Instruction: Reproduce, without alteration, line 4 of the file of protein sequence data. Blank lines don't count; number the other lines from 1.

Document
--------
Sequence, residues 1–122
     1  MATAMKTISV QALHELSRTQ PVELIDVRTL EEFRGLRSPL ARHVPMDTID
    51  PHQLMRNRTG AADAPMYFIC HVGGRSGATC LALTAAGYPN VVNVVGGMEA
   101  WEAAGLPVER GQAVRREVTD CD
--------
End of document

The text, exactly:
   101  WEAAGLPVER GQAVRREVTD CD